SN2001cz   in  NGC4679    ( 12h 47mn30.23ss  -3934'16.7" )                                                                                                          CTIO  Nick  Suntzef 

  offset  0.6" W  31.4" S    magnitude  14.7                                                                               

Telescope  LX200  12"  f/d 2.7  ST7E   UAI173  Ste Clotilde  REUNION   ISLAND                                                                          CTIO  Pablo Candia


discovery image

2001/07/04.64  unflated    binning 2x  60s

reference image

2001/03/21.93  unflated       limiting mag 19  binning 2x  60s

reference image

2001/05/21.76  unflated       limiting mag 19  binning 2x  60s


reference image

2000/03/10.90  unflated       limiting mag 19    180s

confirmation image 2001/07/05.61  mag 14.7   180s

referenced  image  DSS  UK Schmidt 1982/05/16.47    limiting mag 21


SUPERNOVA 2001cz IN NGC 4679
     R. Chassagne, Ste. Clotilde, Ile de Reunion, reports the
discovery of an apparent supernova (mag about 14.7) on unfiltered
CCD images taken on July 4.64 and 5.61 UT with a 0.30-m reflector.
SN 2001cz is located at R.A. = 12h47m30s.17, Decl. = -39o34'48".1
(equinox 2000.0), which is 0".6 west and 31".4 south of the nucleus
of NGC 4679.  Images taken on 2000 Mar. 10.9, and on 2001 Mar. 21.9
and May 21.7, show nothing at this position (limiting mag about
19.0), and SN 2001cz does not appear on a Digital Sky Survey (U.K.
Schmidt) image taken on 1982 May 16.47 (limiting mag about 21.0).

Dear SN watchers,

  R. Chassagne has discovered his 9th SN 2001cz at mag 14.7.  The host
galaxy NGC 4679 is a member of the famous Centaurus Cluster, and
probably near maximum.  Congratulations, Robin!

  IAUC 7657 informed that the discovery was made on July 4.64.  The
position of the new object is: R.A. = 12h47m30s.17, Decl. =
-39o34'48".1 (2000.0), which is about 1" west and 32" south of the
nucleus of the tilted spiral (SA(s)bc) galaxy NGC 4679.  It is on the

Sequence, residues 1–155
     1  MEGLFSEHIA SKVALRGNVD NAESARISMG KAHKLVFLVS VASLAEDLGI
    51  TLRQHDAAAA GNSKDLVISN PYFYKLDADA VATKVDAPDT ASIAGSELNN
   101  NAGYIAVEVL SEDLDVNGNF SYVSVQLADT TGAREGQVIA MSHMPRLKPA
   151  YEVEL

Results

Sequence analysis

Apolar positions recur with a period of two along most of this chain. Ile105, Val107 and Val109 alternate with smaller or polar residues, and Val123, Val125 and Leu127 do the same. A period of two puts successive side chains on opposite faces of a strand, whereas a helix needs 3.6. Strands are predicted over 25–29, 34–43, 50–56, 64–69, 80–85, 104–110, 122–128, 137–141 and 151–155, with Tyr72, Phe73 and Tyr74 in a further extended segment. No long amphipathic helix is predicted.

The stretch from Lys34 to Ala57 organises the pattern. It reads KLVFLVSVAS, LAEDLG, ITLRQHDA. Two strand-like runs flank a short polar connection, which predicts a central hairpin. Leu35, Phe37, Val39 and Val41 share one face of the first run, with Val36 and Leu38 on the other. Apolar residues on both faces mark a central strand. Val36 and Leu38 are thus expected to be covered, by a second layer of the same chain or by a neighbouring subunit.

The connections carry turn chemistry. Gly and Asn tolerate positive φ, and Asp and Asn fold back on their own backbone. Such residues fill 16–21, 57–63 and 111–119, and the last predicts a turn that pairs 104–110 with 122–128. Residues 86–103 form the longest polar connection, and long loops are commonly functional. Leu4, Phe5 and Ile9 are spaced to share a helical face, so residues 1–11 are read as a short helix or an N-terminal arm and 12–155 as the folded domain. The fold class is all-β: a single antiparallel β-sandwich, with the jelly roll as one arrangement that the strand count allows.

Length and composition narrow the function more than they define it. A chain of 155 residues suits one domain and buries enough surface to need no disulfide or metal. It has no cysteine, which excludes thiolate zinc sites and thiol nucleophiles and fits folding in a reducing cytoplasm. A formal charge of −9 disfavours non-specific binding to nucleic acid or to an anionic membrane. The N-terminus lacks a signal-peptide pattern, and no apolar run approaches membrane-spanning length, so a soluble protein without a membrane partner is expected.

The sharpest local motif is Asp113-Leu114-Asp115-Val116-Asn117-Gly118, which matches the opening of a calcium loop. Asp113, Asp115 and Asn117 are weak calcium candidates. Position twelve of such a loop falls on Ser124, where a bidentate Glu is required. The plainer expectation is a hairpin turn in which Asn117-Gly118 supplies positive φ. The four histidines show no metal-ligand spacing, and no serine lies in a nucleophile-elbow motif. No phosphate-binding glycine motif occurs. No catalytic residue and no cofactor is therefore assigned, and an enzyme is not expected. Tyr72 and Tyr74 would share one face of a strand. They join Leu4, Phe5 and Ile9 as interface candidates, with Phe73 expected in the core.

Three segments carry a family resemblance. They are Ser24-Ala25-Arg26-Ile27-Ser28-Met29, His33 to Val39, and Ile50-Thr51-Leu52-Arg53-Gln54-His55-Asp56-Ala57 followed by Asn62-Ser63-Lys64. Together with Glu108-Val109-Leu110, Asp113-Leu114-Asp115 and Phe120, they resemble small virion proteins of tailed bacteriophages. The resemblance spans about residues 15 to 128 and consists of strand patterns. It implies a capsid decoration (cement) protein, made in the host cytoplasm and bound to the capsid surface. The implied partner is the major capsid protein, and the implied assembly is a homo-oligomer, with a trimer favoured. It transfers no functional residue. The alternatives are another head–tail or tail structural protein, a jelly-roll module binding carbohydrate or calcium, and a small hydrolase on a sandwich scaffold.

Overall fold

southern bright arm.

  Because of somewhat low galactic latitude (b = 23o.3), there are
plenty of foreground stars.  Especially, a mag 15: star is
superimposed on the southern edge of the bulge region, which is about
10" due south of the nucleus of NGC 4679.  Don't confuse it as a SN.

  NGC 4679 is one of the brighest member of the Centaurus Cluster =
ACO 3526.  This cluster has a large velocity dispersion, which is
probably due to the ongoing dynamical phenomena such as cluster
merging.  The recession velocity of the cluster as a total is about
3400 km/s, which indicate that the expected maximum of typical SN Ia
is around mag 15.0.  The previous SNe reported in this cluster ( < 5
degree from the center) are: SN 1990I in NGC 4650A (mv = 15.6, type Ia
some weeks after maximum, IAUC 5003); SN 1983A in MCG -06-28-022 (mpg
= 17.5, type unknown, IAUC 3764); and SN 1984I in MCG -07-27-049 (mv =
15.5, type I, IAUC 3944, 3946). 

Sincerely Yours,
Hitoshi Yamaoka, Kyushu Univ., Japan

SUPERNOVA 2001cz IN NGC 4679
     A. Pastorello, G. Altavilla, S. Benetti, E. Cappellaro, and M.
Turatto, Osservatorio Astronomico di Padova, report:  "A fully
reduced CCD spectrum (range 310.0-910.0 nm, resolution 1.0 nm),
obtained on July 12.01 UT with the Danish 1.54-m telescope (+
DFOSC), shows SN 2001cz (cf. IAUC 7657) to be a type-Ia supernova
at maximum light (+/- 2 days).  The spectrum consists of a blue
continuum with superimposed P-Cyg lines of Ca II (H and K), S II,
and Si II ions.  The expansion velocity deduced from minimum of the
Si II 635.5-nm doublet is 10 300 km/s (a recession velocity for the
parent galaxy of 4612 km/s was obtained from NED).  Moreover, the
spectrum shows deep interstellar Na I D Galactic (equivalent width
about 0.04 nm) and extragalactic (EW about 0.11 nm) absorptions."